Forgetfulness rules the very being of the poet, the life of whom P Balachandran's 'Ivan Megharoopan' chronicles. We would never know if the memory that keeps evading the man was deliberately kept off the bounds of his consciousness, nor would we know the man that he really was, for he was made of the stuff that clouds were made of, and never left footprints on the sand.
As seen through the eyes of the several women whose lives he walked into and out of in no time, the poet's bohemian life appears as one that had defied all conventions. What is extremely appealing about the film as such are the aforementioned open ends that it leaves around by design that ensures that it ends up being neither prejudiced nor judgmental.
K P Madhavan Nair, the man, poet and teacher, is thus unraveled through his unbridled interactions with the women around him on whom he seems to have been able to have cast a spell of sorts. They end up being no more than winged termites that lose their wings after their mating, and live miserable lives lost in the haunting memories of a man whom they had fallen dismally in love with.
The poet does remind us that creativity isn't an easy thing to be maintained, and perhaps alarmed and overwhelmed by the tremendous potentials that he could foresee in his wife Saraswathi Amma (Jayapriya) as a writer, tries to smother her vision as subtly as he possibly can. Envy does overpower him, but he is a simple man at heart, who very soon realizes his folly and who falls sobbing at his wife's feet to seek forgiveness.
The women who fall prey to Nair's charms have only one thing in common - their unparalleled love for the man. Saraswathi Amma very soon settles down to a life where she hopes to hunt out happiness forfeiting everything else, and drips the very last drop of her fountain pen ink onto the stream. She is willing to give up everything including her very self for a man who would soon walk away from her into the darkness, never to return again.
It's another land and another time altogether where Nair meets Ammini (Padmapriya) for whom he says he has brought black glass bangles. He hands out a few chunks of rock sugar and peanut candies instead to her after fishing around his pockets for a while. Ammini finds his sheepish grin endearing, and off she goes on a ride with him on his bicycle. He doesn't think twice before agreeing to marry her and leaves fixing a date, only to arrive at the place years later.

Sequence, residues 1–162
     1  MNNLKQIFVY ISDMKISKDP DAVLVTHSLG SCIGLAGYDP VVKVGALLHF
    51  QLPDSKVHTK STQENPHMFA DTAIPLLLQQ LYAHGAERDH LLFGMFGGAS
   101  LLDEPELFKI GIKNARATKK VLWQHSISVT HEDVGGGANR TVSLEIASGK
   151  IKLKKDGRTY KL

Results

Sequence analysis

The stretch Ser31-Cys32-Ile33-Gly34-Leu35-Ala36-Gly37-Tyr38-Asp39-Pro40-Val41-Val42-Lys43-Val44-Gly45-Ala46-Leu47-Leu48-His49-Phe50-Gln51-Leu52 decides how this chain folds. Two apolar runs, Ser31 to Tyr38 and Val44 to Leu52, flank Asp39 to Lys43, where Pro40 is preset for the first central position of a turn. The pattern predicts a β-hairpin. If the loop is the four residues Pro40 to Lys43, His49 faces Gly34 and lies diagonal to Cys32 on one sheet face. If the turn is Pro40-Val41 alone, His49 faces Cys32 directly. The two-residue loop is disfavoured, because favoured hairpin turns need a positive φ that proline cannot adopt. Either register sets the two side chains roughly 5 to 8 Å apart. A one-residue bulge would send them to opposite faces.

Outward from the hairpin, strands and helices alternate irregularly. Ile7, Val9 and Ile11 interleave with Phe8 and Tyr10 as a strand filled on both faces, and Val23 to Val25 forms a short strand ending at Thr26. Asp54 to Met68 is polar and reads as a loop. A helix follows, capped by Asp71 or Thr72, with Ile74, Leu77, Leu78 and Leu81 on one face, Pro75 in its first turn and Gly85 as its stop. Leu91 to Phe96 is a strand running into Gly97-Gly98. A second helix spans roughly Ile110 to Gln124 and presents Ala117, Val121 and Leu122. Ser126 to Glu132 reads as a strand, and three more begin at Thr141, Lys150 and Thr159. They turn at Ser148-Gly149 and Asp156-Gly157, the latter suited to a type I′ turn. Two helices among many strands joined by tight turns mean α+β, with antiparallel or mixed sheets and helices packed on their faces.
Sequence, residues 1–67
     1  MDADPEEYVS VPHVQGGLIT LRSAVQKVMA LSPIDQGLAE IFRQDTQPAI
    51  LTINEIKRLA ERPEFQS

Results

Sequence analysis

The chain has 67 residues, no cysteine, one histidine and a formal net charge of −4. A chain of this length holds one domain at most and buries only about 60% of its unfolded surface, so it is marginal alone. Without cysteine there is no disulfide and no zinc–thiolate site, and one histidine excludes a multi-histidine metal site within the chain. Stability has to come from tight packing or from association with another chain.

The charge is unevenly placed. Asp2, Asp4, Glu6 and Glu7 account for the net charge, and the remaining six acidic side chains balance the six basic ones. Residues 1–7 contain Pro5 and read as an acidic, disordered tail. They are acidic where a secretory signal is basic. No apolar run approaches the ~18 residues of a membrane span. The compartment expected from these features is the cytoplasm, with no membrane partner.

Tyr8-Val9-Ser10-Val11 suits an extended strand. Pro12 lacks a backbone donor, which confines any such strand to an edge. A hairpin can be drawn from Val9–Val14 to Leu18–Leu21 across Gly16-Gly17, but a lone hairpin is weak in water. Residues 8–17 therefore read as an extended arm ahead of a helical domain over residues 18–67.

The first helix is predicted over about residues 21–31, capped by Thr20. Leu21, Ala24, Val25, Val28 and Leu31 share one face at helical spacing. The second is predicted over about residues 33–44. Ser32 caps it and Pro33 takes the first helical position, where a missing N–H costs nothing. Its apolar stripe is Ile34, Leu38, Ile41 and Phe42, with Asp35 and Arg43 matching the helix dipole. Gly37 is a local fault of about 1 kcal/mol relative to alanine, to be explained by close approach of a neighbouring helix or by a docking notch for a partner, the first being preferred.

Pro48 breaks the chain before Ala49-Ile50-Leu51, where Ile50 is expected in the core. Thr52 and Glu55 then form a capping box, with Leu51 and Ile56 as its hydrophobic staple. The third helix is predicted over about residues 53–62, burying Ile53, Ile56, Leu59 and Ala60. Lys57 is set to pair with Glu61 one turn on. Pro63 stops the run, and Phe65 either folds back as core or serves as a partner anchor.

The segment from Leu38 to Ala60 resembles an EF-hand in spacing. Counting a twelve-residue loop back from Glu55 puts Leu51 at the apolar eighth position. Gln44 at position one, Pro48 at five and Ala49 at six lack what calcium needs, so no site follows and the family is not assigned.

Nair does marry Thankamony (Anumol) though, the girl who could bring huge freshwater trouts to splash around on her mud walls with her melodious voice. The folk singer has a way with nature, as she has with the poet, and her song sets peacocks dancing in all their splendor, while water lilies peep out from under the still night waters, all eager to bloom. Grabbing her by the arm, Nair leads her out into a world where she believes freedom exists, but upon his desertion finds the idyllic world that she had dreamed of being replaced by one that is beset with bitterness and gloom.
Despite his mother's words ringing in his ears that a marriage could lead a man from riches to rags or the other way round, he gets married to Ammini later, and keeps his promise. And it's here that we get to see him acknowledge a loss of memory for the very first time. Ammini is one who is quick to learn from her folly, and makes a frantic attempt to tie him down with a teacher job at a local school. In one of the finest moments in the film, she admits that she has started hating his poetry, ever since the poet has become her own.
Even as the poet intrudes into the hearts of these women, instinctively dismantling their lives in the process, there are others occupying the outer environs of his existence as well. The fresh graduate Rajalekshmi (Remya Nambeesan) is disgusted by the love letter that the middle aged man pens for her and even threatens to reveal the story of his insatiable libido to the world. In sharp contrast to the young woman are the seductresses Chinnammalu (Sunitha Nedungadi) and Kousalya (Surabhi) who flirt with him unabashedly and Maya Maheshwari (Swetha Menon) who lives up to her name and almost seems like a gorgeous spirit that could assume different forms to entice a man.
Nair seeks moksha from the teaching job that he admits had started boring him to death. The era when his poetry had flowered all over had started slowly ebbing away. The man who would seek blessings from all and sundry who passed him by is startled by a small girl who touches his feet. Her fingers prompt an introspection and he realizes with a shudder that his life is being lived by someone else and that forgetfulness is death itself.
P Balachandran's biopic is warmly sympathetic to its protagonist. The director's portrayal of the renowned poet reveals a man who is seldom in control of his emotions; a man who battles with his life to merely live it the way he wants to. As it moves steadily towards the inevitable tragic finale, the indisputably flawed, but impressive personality emerges from the shadows.
The film belongs to Prakash Bare, and his luminescent performance that puts in the right amounts of mirth, gloom and life itself, helps him capture the poet that he plays with aplomb and move far beyond a mere impersonation. Padmapriya, Swetha Menon and Remya Nambeesan are all remarkably good, and yet it's Anumol who comes up with an exceptionally nuanced feat. Rajeev Ravi has crafted an almost magical world for the poet to live in, while Sharreth's spellbinding musical score considerably adds to the hypnotic quality of the film.
'Ivan Megharoopan' is a biographical tale that carefully keeps the dreariness that one habitually associates with biographies at bay. It is full of life, and the vivaciousness that pervades the narrative lets the dazzling sparkle on this character study remain right on place.